A breakout flow that is now the leading edge of the lava moving toward Pahoa advanced about 100 yards since Thursday, Hawaii County Civil Defense reported after an overflight Friday morning.
The Hawaiian Volcano Observatory, using webcamera observations, estimates the front of the new flow now extends about 100 feet past the stalled flow front.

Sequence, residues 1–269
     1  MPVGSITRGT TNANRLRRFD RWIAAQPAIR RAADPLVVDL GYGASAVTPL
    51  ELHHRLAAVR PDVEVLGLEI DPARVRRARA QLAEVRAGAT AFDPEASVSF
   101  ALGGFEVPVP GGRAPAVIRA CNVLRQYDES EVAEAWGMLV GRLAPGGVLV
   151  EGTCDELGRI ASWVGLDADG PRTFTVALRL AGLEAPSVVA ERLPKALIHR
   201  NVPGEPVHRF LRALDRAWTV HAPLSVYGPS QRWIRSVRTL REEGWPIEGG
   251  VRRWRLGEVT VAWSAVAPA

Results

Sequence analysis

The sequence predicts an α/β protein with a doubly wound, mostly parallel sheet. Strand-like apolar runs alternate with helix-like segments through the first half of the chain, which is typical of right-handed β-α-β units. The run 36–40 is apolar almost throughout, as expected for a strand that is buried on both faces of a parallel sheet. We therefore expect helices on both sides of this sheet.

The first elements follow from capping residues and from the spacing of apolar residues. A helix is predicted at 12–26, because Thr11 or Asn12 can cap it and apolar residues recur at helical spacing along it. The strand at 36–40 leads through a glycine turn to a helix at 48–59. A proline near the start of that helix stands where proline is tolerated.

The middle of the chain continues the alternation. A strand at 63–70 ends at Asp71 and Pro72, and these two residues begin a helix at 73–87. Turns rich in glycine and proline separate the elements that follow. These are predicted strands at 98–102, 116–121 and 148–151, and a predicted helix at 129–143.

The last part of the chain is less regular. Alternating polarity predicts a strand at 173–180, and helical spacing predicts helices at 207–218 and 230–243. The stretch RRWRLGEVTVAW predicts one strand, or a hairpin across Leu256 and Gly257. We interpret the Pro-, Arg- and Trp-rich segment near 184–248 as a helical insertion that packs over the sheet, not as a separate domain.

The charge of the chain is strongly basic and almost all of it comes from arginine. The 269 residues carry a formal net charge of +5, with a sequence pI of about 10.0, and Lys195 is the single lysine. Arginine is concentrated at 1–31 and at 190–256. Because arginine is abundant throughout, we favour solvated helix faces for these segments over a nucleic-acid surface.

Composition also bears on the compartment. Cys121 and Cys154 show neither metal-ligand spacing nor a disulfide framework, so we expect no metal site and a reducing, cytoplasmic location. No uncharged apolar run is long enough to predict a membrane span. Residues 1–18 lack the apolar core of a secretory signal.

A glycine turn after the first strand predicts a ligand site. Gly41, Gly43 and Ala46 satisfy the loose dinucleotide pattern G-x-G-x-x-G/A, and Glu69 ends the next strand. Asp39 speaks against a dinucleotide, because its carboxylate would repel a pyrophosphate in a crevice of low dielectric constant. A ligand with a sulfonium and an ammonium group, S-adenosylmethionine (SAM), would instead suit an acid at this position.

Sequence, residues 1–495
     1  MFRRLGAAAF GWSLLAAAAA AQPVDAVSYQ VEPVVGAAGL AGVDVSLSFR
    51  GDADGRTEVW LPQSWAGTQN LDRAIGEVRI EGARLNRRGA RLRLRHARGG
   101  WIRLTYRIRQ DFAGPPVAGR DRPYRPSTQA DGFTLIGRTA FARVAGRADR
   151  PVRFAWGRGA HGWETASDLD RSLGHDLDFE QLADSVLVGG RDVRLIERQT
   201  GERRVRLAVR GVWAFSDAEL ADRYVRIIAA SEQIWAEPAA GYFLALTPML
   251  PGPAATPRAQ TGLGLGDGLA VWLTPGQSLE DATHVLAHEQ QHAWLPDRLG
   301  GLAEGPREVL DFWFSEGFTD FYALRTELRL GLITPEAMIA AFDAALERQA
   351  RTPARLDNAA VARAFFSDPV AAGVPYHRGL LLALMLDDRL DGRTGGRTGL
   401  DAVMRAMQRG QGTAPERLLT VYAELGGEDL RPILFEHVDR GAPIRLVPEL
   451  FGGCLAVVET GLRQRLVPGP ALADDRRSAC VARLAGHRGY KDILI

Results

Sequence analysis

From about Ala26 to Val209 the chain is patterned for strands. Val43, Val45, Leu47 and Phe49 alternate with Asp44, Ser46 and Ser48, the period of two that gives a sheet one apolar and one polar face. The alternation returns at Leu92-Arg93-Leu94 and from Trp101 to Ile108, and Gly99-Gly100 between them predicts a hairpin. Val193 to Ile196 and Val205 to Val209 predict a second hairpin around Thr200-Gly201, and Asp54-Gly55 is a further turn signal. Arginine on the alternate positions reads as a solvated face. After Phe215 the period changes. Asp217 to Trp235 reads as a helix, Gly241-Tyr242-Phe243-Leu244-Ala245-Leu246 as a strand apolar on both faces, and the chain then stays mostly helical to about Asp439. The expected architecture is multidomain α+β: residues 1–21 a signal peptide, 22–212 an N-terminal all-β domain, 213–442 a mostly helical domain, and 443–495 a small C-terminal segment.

A narrow finger of the flow is moving along a tree line and the burning activity is producing a significant amount of smoke, but there is no brush fire danger, Civil Defense said.
Surface flows remained active upslope of the flow front, with continued scattered breakouts in the area that lava first entered the crack system about 5 miles behind the stalled front.
The lava is about 1.4 miles upslope from Apaa Street on the outskirt of Pahoa and there is no immediate threat to homes.